So you’re a champ at motivating people, and you want to be your own boss. Have you thought about becoming a general contractor?
Whether it’s smaller home renovations or giant office buildings, construction jobs always need someone running the show. As a general contractor, you’re the person responsible for supervising the entire project and keeping everyone on schedule and on budget.
If this sounds like you, you might have a great career ahead as a general contractor. Not sure where to start? Read on for a step-by-step look at how to become a general contractor.
There’s just no way around it – becoming a general contractor takes time. You need the skills and experience to manage construction projects from start to finish, and they don’t happen overnight.
There are two main paths for this experience: higher education and hands-on work.
Most GCs have a combination of these two. Successful contractors often have a degree in construction management or civil engineering, along with several years in the construction industry. Regardless of your approach, start planning three to five years in advance to become a general contractor.
At a minimum, you need to:
Once you’ve checked the boxes on those qualifications, take a look at your experience in the following areas:
If you’re not an expert at these things now, don’t worry! But do keep learning and improving as you prepare to be a general contractor.
The best way to do this, of course, is to soak up as much experience as you can working for a reputable construction company, especially on midsized or large jobs where you can see every aspect of a project. Plus, most states require time in construction before you can apply for a general contractor’s license.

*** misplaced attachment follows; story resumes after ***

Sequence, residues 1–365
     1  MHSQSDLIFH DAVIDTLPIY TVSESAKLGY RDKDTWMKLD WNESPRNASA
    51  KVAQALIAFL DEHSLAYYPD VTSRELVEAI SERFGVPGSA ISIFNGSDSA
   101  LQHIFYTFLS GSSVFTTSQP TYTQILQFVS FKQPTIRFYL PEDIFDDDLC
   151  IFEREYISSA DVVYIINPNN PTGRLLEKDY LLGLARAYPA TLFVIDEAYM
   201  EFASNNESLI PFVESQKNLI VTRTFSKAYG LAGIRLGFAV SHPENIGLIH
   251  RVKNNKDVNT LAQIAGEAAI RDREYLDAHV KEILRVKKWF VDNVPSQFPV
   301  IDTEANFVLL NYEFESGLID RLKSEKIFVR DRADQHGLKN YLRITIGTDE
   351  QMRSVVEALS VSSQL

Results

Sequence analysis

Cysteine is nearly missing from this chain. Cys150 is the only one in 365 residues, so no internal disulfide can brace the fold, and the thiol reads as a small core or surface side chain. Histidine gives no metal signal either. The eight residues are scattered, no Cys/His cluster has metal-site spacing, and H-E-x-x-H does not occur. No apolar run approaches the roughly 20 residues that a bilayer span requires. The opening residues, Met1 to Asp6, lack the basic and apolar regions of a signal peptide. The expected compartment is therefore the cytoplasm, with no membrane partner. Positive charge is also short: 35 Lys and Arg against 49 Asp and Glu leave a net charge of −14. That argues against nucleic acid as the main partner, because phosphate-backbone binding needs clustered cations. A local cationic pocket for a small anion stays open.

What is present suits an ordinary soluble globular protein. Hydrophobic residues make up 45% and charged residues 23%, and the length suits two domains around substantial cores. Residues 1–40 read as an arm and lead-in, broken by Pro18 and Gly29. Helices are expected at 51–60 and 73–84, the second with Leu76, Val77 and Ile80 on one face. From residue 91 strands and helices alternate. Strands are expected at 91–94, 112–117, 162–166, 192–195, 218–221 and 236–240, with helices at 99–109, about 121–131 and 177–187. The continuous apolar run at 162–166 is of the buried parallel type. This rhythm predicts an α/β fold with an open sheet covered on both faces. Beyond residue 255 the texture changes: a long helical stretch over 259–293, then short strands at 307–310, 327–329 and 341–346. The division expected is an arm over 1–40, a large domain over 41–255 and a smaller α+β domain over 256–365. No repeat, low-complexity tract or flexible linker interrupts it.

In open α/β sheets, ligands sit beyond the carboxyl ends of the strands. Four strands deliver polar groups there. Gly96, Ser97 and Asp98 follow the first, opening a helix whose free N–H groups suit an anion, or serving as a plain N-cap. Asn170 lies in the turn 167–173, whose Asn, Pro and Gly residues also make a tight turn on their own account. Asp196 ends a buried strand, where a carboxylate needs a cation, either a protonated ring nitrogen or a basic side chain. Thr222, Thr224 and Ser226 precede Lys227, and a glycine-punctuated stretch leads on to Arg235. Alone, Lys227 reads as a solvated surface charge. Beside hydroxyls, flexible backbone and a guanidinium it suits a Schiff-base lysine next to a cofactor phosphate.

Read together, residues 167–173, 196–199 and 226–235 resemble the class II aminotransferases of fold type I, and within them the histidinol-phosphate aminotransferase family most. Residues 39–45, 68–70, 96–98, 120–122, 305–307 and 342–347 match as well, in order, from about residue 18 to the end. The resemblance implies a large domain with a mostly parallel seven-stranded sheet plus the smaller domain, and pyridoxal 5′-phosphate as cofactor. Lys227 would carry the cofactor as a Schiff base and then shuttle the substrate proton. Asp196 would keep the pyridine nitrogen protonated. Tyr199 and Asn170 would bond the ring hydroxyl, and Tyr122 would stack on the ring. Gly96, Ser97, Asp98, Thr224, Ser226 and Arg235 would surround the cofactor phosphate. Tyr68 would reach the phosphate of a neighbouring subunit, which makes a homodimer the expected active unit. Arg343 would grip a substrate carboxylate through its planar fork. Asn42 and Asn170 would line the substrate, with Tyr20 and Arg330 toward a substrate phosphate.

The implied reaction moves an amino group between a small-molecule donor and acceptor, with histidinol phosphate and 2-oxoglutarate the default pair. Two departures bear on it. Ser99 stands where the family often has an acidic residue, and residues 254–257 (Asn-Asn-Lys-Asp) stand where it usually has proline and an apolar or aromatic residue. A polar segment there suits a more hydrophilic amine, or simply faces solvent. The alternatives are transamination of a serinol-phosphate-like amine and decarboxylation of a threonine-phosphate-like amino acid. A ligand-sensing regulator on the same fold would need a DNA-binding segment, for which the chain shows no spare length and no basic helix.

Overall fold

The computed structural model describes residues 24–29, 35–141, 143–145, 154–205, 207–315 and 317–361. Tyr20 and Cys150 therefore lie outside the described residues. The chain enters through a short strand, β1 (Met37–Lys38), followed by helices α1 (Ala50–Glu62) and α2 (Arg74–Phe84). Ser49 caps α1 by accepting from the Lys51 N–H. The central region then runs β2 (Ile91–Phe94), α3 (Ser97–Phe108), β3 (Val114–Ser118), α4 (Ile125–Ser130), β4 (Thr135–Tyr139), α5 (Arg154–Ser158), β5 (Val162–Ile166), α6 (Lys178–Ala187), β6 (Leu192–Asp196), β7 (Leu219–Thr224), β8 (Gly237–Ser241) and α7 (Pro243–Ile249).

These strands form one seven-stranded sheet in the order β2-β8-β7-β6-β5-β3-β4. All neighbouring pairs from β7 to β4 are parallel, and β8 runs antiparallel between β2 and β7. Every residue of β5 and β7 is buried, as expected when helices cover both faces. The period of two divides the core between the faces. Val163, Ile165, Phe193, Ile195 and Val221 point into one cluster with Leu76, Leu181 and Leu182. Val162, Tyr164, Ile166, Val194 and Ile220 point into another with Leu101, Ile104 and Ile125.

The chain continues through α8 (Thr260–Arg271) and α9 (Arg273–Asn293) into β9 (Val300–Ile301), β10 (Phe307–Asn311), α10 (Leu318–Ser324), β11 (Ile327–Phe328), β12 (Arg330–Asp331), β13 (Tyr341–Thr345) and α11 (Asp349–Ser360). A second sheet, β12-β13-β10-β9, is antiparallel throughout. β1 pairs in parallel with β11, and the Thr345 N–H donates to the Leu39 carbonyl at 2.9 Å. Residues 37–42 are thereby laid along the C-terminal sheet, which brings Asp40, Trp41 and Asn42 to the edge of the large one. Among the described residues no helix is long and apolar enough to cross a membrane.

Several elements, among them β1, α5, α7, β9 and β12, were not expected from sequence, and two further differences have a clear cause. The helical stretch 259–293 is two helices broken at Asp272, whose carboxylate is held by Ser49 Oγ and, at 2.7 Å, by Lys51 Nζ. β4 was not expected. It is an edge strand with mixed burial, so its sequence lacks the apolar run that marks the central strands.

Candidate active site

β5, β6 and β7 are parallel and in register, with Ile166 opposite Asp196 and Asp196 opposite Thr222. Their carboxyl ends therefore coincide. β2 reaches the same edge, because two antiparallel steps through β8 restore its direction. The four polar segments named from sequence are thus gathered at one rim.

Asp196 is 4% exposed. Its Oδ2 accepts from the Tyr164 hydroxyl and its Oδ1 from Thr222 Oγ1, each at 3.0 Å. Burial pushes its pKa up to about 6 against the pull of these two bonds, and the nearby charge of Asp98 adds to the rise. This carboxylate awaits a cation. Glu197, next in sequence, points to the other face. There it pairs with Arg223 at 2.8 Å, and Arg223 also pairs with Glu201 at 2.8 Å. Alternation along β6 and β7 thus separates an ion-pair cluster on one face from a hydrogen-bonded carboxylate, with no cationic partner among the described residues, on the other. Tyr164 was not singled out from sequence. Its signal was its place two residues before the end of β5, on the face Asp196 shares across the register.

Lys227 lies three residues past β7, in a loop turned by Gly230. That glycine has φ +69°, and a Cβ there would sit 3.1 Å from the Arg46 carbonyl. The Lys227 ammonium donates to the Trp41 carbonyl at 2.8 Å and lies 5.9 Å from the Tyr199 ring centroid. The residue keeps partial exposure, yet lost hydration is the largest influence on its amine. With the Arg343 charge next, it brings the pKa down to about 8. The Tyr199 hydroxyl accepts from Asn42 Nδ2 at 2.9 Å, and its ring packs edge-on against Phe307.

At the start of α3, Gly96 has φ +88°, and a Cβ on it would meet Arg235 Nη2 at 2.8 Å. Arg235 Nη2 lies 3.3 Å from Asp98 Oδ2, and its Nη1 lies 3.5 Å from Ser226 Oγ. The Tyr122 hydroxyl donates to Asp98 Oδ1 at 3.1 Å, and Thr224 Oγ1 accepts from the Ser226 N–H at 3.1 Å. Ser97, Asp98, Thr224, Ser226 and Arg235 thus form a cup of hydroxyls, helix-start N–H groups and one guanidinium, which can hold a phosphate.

Which brings us to our next step…
It’s a legal requirement in most states that GCs be licensed – but before you apply for your license, you have to pass an exam that shows you’re ready to be a general contractor. Test requirements will vary from state to state. For instance, Georgia general contractors must pass two separate exams: one on business and law, and one on construction. Other states combine everything into one exam.
The first step, however, is to find out how licenses are granted where you live – at the city, county, or state level. You should be able to track down this info with a quick Google search. Once you know which government office handles licensing, visit its website for information about the contractor’s exam, including when and where the exams happen.
In general, you’ll be tested on the following:
Remember, you’ll know a lot about these subjects thanks to your work experience – but you can also buy test prep materials or take an online course to get ready. Pass the exam, and you’ve shown you have the know-how to be a general contractor.
“The construction industry” is a term that covers a lot of ground – everything from banging nails on a backyard deck, to electrical contracting, to building skyscrapers. A business plan might sound like busywork, but it’s the single best way to see how you can be most successful in this huge industry.
In its simplest form, your business plan should outline the kinds of construction projects you intend to work on, and the financial support you have to do it. It should also include your best estimate of what your GC business will look like in the future – say, three months, six months, and a year down the road.
Be optimistic – but realistic! A solid business plan is like a map of your path from startup to long-term success. It shows that you can take your ideas and make them profitable – plus, if you need financing, banks will almost always ask to see a business plan before making decisions.